Cien y Pico, Doble Pasta Tintorera 2009 Manchuela


From €8.41, £10.69, 13.90 Swiss francs, US$19.99, AU$22.58

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Some wines enter on tiptoe and whisper their restrained but captivating spell. This wine bounds up to you, grabs you by the scruff of the neck and has your full attention. Then it starts to reveal its fabulous aromas and many layers. It is very deeply coloured, like crushed elderberries, and has an amazing aromatic range from dark fruit, cocoa powder, charred potato skins and wild herbs. I normally avoid such long lists of seemingly unrelated descriptors but this wine just keeps on giving.

The taste is equally inviting and complex, if not for the faint-hearted: compact but very fine tannins, great freshness, bone dry, full of flavour and personality but not in the least rough around the edges thanks to the effortless concentration of ancient vines. There's a touch of that roasted character but it's not in the least bit overripe or over-sweet. And so moreish. It went very well with a cheesy vegetable gratin but I would have loved to try it with seared meat. The alcohol is 13.5% but not at all intrusive. 

All this deliciousness is even more remarkable when you know that this wine is made from Tintorera, or Garnacha Tintorera, more generally known outside Spain as Alicante Bouschet, a grape variety that today produces more impressive results in southern Portugal than in its French homeland, where it was widely planted after the phylloxera invasion in the late 19th century, mainly for its deeply coloured juice and high yields. As the name Tintorera suggests, this is a so-called teinturier variety, which means its berries are, unusually, red-fleshed. (The Spanish name makes good sense since one of its parents is Garnacha/Grenache.)

Cien_y_Pico_vineCien y Pico, meaning 'one hundred and something', refers to the age of the Tintorera bushvines that grow at 1,000m on the meseta (plateau) of Castilla-La Mancha in central Spain (where so much of the four million hectolitres of wine recently despatched to compulsory distillation was grown). Cold winters, very hot summers and extremely low rainfall (300 mm a year) create the extreme conditions for vines like the one pictured here, which, not surprisingly, yield just 3 tonnes/ha (around 20 hl/ha).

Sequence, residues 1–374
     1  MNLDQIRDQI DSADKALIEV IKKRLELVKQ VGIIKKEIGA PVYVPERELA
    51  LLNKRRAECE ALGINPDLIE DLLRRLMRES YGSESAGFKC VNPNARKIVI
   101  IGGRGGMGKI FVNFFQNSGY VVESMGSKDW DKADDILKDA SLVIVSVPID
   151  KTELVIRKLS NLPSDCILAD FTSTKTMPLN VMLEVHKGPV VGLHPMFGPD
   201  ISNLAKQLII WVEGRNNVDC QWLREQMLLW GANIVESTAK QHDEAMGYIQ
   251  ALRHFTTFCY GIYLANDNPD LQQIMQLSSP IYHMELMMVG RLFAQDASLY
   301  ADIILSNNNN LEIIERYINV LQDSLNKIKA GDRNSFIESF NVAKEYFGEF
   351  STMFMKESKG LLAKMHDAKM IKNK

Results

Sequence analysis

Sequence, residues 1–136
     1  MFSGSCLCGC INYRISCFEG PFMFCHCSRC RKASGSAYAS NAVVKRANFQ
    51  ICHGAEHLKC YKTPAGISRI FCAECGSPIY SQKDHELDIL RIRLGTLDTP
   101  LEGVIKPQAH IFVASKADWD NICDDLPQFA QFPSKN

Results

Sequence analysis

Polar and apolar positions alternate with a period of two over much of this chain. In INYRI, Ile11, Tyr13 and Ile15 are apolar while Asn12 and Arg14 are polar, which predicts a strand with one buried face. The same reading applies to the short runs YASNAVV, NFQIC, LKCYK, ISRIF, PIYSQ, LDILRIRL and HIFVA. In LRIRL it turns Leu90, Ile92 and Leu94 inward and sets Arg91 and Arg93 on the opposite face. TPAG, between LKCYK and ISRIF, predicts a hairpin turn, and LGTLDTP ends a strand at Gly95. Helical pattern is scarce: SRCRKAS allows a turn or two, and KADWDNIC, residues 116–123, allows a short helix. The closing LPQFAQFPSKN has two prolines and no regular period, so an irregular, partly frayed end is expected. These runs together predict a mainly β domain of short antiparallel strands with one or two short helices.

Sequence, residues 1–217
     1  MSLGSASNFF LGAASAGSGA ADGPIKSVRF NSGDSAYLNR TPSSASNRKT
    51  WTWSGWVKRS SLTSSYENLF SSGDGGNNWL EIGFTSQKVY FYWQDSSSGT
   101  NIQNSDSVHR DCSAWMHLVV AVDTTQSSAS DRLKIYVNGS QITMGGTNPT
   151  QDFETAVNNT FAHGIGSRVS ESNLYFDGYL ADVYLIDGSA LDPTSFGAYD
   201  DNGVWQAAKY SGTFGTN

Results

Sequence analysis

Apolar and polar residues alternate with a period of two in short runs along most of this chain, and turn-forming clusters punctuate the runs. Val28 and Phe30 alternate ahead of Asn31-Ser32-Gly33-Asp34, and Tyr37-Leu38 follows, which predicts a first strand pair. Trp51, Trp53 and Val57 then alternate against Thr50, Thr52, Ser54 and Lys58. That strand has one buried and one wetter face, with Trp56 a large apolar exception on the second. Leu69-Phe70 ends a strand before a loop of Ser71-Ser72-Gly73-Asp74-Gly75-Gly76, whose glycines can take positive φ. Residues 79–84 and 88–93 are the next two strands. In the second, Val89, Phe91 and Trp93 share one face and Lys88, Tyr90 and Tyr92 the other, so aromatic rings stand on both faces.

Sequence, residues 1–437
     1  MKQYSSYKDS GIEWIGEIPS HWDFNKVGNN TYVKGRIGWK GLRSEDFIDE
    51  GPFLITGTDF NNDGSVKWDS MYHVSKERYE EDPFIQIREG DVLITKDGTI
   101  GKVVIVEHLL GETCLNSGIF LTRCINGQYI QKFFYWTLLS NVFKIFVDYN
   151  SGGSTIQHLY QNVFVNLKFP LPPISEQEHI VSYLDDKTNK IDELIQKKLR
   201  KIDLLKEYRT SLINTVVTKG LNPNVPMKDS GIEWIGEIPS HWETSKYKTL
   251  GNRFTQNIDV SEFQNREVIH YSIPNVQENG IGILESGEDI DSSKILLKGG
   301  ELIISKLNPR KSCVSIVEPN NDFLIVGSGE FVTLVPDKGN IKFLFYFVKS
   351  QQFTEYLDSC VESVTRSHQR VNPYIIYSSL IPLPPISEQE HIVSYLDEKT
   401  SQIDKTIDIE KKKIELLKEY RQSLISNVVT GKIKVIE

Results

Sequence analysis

The four winemakers behind this project, Australian Zar Brooks, his Bulgarian wife Elena Golakova Brooks (pictured below), Spaniard Luis Juminez García and Italian Nicola Tucci describe themselves on their website as 'four aspiring wine knights and some bloody old vineyards', modelling themselves on Don Quixote and his fellow travellers, and the other wine they make from this variety – even more intense and expressive but equally delicious – is called Knights Errant. They also make two terrific wines from equally old Bobal bushvines.

Elena_BrooksDoble Pasta refers to the winemaking technique: the crushed grapes are fermented over additional grape skins and pulp, to obtain a high extract, colour and tannin. The amazing thing is that with all this intensity – from the vines and the winemaking – the wine remains so fresh and vibrant. It is fermented in small open vats over a period of 10 days. Aged in French oak but only 20% new. Bottled under screwcap and with packaging as eye-catching as the wine is attention-grabbing.

According to UK importers Liberty Wines, the Doble Pasta is available from Philglas & Swiggot, Selfridges, Askewine, Taylor's Fine Wines, The Wine Reserve, The Secret Cellar, Wined Up Here, Hennings Wine Merchants, Bennetts Fine Wines, Scarlet Wines, Grape & Grind, Eynsham Cellars, Cambridge Wine Merchants, Satchells of Burnham Market, Vin Neuf, Halifax Wine Co., Latitude Wine, Flourish & Prosper, Reserve Wines, The Wine Chambers, Monmouthshire Fine Wine Company, Drinkmonger, Berits & Brown and The Vineyard Belfast. In Dublin, it is available from Martin's Off Licence (Dublin 3), James Redmond & Sons (Dublin 6), Terroirs (Dublin 4) and Mitchell & Son (Co Dublin/Dublin 1).

The wine is also available in many other countries, via the following distributors – contact them, or look on wine-searcher, for more details:
Australia: Vintage Cellars
US (though it looks as if they may still be on the 2008): Vine Street
Canada: Artisan Wines  
Switzerland: Rutishauser
Sweden: Fondberg
Norway: Sommeliers

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